In my experience with publishing in some journals, those journals require a signature on a copyright transfer agreement before an article can be published online or in print. Do I have to sign this agreement in order to publish or are there alternatives to this? What do I gain and/or lose by signing (or not signing) such an agreement?

2 Answers 2


It depends of what you mean by “an alternative”. If you mean an alternative to publish your article, you can certainly find other journals that don’t require that you grant them exclusive rights. Generally, that would mean an open-acess journal using the Creative Commons Attribution License (CC BY). Prime examples are the major OA publishers: PLOS, BioMed Central, and Hindawi.

If you mean publishing in a particular journal that requires coypright transfer, the answer is that granting them exclusive publishing rights is a publication condition, so that you can’t avoid it.

So what you gain in signing is... to have your article published by that journal. What you loose is highly variable among publishers. Often, they (who are now the copyright owners by virtue of the agreement) allow you (the authors) to keep some “rights” (I prefer to speak of “permissions”). Some publishers are quite generous, others not at all; you must carefully read the copyright agreement to know exactly what you will be able to do with your article.

Note also that some publishers ask (or propose as an option) an exclusive license instead of copyright transfer. Sometimes, they describe it as an advantage for authors, who keep the copyright on their work. But the truth is that some of these licenses give the publishers about the same rights as a complete copyright transfer, so that copyright ownership becomes an almost empty concept. See, for instance, Wiley, offering both without any difference in the actual rights transferred. Again, one has to carefully read the publication agreement.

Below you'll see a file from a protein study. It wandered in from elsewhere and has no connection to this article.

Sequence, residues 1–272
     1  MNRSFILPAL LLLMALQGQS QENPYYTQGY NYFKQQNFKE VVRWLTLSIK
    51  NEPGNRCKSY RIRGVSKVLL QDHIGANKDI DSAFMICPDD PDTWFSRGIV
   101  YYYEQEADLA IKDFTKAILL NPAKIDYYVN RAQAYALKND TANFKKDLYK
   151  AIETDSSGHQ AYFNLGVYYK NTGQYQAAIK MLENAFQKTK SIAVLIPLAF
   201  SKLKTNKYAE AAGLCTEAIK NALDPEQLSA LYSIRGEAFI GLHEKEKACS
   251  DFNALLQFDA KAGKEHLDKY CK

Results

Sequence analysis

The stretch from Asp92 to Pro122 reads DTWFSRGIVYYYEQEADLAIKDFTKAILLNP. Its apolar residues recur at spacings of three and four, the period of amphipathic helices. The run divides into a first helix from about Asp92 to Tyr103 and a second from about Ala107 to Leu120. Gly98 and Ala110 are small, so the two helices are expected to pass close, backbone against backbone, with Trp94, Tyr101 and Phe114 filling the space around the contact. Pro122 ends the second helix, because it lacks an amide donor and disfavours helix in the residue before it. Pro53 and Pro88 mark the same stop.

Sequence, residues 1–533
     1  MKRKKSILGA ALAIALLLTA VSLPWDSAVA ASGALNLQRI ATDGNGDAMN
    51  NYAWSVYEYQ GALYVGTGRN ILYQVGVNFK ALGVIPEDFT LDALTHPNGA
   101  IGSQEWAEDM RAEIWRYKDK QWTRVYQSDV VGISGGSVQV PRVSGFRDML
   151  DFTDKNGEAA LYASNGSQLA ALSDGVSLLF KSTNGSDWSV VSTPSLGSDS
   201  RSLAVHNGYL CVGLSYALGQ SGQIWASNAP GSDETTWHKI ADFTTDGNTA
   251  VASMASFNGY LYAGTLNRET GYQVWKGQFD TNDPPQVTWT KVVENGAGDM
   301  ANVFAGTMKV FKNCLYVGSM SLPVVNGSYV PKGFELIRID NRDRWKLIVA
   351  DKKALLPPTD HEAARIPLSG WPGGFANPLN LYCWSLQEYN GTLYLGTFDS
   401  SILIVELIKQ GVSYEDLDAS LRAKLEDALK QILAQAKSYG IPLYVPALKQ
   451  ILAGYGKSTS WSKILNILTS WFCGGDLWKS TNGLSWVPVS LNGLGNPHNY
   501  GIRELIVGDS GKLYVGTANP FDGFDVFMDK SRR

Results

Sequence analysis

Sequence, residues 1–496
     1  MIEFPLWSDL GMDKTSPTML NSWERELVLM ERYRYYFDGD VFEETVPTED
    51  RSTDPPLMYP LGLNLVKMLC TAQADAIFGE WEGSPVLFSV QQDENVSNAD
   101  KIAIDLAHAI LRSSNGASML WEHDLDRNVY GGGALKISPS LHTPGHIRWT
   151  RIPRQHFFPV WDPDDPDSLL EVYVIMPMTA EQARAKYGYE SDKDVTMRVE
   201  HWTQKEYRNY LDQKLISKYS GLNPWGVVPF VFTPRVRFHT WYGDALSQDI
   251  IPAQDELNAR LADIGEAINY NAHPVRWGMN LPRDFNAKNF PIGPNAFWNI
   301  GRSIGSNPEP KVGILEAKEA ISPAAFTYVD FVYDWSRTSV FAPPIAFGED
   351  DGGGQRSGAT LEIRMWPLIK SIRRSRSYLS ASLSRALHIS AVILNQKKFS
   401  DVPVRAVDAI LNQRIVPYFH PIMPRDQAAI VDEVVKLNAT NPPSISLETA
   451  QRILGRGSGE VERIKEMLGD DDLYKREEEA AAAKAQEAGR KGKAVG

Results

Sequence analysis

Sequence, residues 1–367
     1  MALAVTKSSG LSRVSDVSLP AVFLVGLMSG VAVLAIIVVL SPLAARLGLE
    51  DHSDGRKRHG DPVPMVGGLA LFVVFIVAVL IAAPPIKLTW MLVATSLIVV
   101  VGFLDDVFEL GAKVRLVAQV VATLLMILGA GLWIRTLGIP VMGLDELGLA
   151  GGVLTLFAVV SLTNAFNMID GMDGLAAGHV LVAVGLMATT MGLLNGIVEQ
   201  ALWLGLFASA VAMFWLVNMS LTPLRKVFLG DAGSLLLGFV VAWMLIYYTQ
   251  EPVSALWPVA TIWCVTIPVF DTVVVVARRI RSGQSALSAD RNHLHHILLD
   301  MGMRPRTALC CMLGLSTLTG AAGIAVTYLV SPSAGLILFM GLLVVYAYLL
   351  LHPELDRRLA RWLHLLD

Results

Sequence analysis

Finally, in theory, one can always suggest changes in a copyright agreement, for instance deleting part of the text or adding some. There is also the SPARC Author Addendum, that you can attach to the copyright agreement, asking the publisher that you want to keep non-commercial use rights. The publisher may then accept these changes (usually by not responding, and publishing the article anyway), or refuse them. From what I read, there are both success and failure stories in that regard.

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    I really like the SPARC Author Addendum. In practice, here is how it has worked out for me (in my small sample). For paper-based agreements, I have always attached the addendum and signed, conditional on the attachment. I have never heard back from the journal after submitting. For electronic agreements, I have had more difficulty. In fact, I haven't found a good way to use the SPARC Author Addendum in that situation. In my experience, journal are highly resistance to modifying an electronic agreement.
    – Carlisle Rainey
    Aug 16, 2015 at 12:43
  • Yes, go for the SPARC addendum. scholars.sciencecommons.org will generate the form for you. Aug 17, 2015 at 21:17
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    One reason publishers might offer both copyright transfer and an exclusive license is that copyright transfer is more advantageous to them, but the concept simply doesn't exist in some jurisdictions (for example, in France, authorship is personal and generally cannot be transferred by contract). Aug 20, 2015 at 22:18

If you're feeling cheeky you can try editing the stock copyright transfer agreement they send out, to a wording that is more agreeable to you. I tried this for a book chapter once and I think I got away with it. Few returned CTA forms are actually read in detail by anyone.

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